I guess I should make a note of what I wore. It was a tough decision… I ended up wearing a Under Armour compression shirt (wouldn’t snag on barbed wire as easily), with a pair of triathlon shorts (same thing wouldn’t snag). Both also would dry out and not require me to carry a bunch of extra weight. I ended up wearing a pair of triathlon socks (I think they are actually Ironman brand, but not sure) and a pair of North Face trail running shoes that I’ve had for awhile – they don’t have any style marking so I’m not sure what they are, but I think the Cardiac.
I wanted a shoe with the traction of a trail shoe, but not one that would retain a lot of water and mud. Gore-tex shoes would repel the water off the wet grass or small amounts of mud, but would retain it when submerged into a moat. A full on mesh shoe would retain the least water but probably wouldn’t be sturdy enough for the trails and definitely would make rope climb hard.
The last thing I wore, besides my required headband/bib, was a pair of gloves. I bought a pair of Under Armour CTR Trainer finger-less gloves. They provide a little bit of protection on the palms with a lot of mesh on the back of the hand. They are also usable for me at the gym, etc. I did a little bit of research on the gloves and the ideas ranged from man-up and go gloveless to wearing a specific pair of gardening gloves. I also wore my gloves the whole race and a lot people took them on and off. The only complaint about the gloves was that I slipped right off the first monkey bar obstacle. It was a combination of wet gloves and a wet bar, I’m sure. Ok, and maybe some grip strength problems! For the second I grabbed some grass to try my hand a bit first and that helped a lot.
As we were leaving the Spartan Festival Grounds at Welch Village, I heard someone say that he’s done a bunch of Spartan races and this was the hardest one he’s done. His reason – the terrain! Should I do it again next year? Only time will tell.
Posted on Jun 24, 2015 under Cross-Training, CrossFit, Health, My Running, Training | 2 Comments
The idea of Functional Fitness has been around for awhile. I’m not 100% sure of its origins, but it is based around the idea that going to the gym and lifting weights doesn’t necessarily make you strong enough to do every day tasks. Say that you can bench press 300 pounds but you can’t move a couch across the room – you are really strong, but lack functional fitness. Your 300 pound bench is meaningless in real life. Your fitness lacks a daily function.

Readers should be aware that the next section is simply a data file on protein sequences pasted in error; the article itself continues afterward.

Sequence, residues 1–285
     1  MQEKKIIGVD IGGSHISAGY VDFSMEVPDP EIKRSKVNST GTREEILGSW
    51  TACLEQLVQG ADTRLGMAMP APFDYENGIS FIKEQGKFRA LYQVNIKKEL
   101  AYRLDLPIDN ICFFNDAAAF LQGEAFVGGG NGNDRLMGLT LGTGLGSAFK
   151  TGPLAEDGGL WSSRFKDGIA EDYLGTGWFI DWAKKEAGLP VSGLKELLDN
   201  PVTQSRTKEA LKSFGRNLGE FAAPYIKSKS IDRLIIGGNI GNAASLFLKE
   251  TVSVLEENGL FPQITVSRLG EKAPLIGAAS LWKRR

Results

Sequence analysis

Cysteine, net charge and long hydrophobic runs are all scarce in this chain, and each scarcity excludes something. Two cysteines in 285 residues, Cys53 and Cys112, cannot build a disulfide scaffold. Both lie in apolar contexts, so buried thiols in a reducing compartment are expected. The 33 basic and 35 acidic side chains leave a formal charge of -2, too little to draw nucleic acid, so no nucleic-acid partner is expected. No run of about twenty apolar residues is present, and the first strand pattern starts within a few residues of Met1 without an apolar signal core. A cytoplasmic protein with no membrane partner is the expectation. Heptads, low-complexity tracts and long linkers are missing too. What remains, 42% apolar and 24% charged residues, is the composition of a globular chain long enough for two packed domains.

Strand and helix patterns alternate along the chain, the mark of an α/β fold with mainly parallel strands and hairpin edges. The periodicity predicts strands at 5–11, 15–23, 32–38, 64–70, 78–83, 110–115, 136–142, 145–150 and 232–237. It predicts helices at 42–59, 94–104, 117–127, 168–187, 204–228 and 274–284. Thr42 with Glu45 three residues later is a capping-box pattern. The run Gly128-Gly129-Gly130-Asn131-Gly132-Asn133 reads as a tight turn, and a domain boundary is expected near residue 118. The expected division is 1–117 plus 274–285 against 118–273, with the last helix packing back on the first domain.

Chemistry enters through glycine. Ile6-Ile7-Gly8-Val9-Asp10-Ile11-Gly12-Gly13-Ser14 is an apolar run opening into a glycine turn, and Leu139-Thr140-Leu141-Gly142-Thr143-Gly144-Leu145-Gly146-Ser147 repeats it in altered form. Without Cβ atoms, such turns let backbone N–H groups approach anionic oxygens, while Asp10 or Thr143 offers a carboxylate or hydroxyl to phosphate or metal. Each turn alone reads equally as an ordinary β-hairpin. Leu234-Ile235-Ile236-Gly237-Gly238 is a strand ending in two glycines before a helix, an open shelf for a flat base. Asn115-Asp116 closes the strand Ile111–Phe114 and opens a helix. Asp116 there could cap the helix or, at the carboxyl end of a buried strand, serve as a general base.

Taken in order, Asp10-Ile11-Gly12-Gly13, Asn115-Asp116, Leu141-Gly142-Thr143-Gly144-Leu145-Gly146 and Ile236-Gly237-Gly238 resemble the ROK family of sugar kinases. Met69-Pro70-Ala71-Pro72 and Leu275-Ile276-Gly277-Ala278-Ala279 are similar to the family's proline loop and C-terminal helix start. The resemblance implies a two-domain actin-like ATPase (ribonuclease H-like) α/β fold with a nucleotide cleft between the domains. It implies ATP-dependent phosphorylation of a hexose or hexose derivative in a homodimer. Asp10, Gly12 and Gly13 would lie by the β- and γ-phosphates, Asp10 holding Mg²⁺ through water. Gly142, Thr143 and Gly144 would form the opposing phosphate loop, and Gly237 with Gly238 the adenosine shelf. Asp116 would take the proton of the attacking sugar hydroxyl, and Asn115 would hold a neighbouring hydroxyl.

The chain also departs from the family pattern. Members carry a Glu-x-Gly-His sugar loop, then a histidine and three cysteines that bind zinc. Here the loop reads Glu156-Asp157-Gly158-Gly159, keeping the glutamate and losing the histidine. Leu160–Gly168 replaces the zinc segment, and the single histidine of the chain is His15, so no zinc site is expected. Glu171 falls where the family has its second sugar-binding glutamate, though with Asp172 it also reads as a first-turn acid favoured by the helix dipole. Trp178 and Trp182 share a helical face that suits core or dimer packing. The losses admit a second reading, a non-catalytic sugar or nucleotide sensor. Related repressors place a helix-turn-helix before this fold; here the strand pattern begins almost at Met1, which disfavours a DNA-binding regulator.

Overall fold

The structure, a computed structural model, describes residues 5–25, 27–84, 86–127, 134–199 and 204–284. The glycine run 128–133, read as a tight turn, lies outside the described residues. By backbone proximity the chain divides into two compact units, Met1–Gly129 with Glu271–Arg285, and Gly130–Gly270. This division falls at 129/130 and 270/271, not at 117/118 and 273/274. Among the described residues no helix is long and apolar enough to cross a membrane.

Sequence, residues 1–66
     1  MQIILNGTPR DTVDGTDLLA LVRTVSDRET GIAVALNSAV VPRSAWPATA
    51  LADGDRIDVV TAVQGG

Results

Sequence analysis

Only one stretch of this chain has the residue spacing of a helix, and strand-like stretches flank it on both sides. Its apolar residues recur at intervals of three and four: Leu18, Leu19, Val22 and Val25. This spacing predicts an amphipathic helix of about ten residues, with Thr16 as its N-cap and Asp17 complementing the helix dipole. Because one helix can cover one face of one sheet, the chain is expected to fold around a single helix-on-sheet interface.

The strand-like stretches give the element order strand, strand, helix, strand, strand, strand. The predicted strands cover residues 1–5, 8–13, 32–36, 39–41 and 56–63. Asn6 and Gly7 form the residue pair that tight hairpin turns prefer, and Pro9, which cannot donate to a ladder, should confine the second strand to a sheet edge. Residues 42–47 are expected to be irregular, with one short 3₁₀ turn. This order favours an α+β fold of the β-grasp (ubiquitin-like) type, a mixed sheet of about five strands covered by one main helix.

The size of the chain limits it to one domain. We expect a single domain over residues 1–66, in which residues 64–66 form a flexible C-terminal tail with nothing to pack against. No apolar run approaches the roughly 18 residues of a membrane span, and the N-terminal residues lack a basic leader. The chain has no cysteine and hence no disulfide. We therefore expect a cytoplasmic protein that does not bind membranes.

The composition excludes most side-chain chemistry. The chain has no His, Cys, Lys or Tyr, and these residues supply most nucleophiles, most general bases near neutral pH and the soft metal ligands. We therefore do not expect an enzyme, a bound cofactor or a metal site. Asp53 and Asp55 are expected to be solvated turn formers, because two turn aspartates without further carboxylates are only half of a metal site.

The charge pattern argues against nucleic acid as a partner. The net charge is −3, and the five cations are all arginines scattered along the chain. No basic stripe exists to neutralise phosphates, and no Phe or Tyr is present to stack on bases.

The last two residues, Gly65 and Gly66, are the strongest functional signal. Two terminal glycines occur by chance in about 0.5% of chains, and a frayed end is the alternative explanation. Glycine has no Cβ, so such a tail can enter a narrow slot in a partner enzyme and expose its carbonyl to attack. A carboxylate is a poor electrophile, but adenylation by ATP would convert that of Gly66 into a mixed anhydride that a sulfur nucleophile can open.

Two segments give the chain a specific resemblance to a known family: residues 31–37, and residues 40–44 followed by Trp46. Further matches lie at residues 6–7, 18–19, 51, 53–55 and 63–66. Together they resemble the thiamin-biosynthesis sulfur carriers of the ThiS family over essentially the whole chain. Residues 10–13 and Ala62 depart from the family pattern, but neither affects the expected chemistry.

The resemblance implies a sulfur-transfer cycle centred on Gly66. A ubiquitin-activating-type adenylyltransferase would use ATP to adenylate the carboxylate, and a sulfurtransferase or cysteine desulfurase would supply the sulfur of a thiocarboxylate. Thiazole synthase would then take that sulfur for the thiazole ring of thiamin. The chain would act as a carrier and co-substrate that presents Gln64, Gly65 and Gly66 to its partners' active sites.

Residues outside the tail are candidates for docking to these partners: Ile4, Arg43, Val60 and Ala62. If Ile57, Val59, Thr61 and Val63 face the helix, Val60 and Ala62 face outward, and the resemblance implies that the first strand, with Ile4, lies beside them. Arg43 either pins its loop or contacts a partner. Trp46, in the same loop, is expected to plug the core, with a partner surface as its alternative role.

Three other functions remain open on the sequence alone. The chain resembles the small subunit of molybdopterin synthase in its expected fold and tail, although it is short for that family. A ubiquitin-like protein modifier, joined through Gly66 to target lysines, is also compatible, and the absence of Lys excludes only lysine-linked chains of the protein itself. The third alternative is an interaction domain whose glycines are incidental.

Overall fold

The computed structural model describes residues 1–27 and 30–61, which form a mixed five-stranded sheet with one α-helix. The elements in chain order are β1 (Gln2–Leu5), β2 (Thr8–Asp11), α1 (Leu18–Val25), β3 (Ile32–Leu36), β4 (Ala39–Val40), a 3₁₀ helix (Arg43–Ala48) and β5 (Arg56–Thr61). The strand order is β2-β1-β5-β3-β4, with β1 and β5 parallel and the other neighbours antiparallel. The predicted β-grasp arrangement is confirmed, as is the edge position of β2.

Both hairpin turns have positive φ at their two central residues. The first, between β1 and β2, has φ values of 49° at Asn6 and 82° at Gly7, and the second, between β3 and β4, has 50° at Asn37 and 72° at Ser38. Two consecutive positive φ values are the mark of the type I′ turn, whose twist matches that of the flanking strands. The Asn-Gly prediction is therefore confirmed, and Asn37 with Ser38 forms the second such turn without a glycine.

Crossfit is a huge proponent of Functional Fitness. I’m not sure what flipping tires has to do with daily function, but really we don’t do that very often. Much of our workouts improve or focus on our core strength which can have a huge impact on our daily functioning. We are also constantly working on improving overall strength in areas that are weakened by our sedentary lifestyle and office/seated working styles.
But my thought today is about more than being functionally fit. It is about using our fitness, but more specifically our daily training as a part of daily life. What does that idea mean to you? To me this could look like a few different things:
1. Stretching or doing yoga poses while standing in line. You might get some funny looks, but why not reclaim some of that time?
2. Changing daily activities like sitting at your desk, to improve fitness. Get a treadmill desk, standing desk, or balance ball chair.
3. Using your training to complete a task. Ride your bike to work, the store, etc. Or even literally run errands.
This cam to my mind recently as I literally ran some errands. Based on the schedule I couldn’t get a morning run in, but I was dropping the car off the get serviced. It was going to be a good 2 hour service, so I decided to run the 5 miles home. I rode my bike back to pick up the car later. I’ve done this before with the bike, but I needed to get a run in that day so I swapped it around. Running to work can be hard as you’ll most likely need a shower even in cooler weather while biking is a little more forgiving in that area!
I’ve been using a balance ball chair for over a year now. Two things I have to remember are to keep it inflated and to make sure I’m sitting properly in it. Mine has a little bit of a back so it is easy to slouch which negates some of the benefits. Having it fully inflated makes it harder to slouch!
I have a friend who often would stretch while waiting in line. Of course some people gave him funny looks, but really who cares. Most of the people you will never see again. Some stretches are super easy to do and don’t require you to expand your personal bubble too far!
How can you integrate your fitness regime more into your daily life?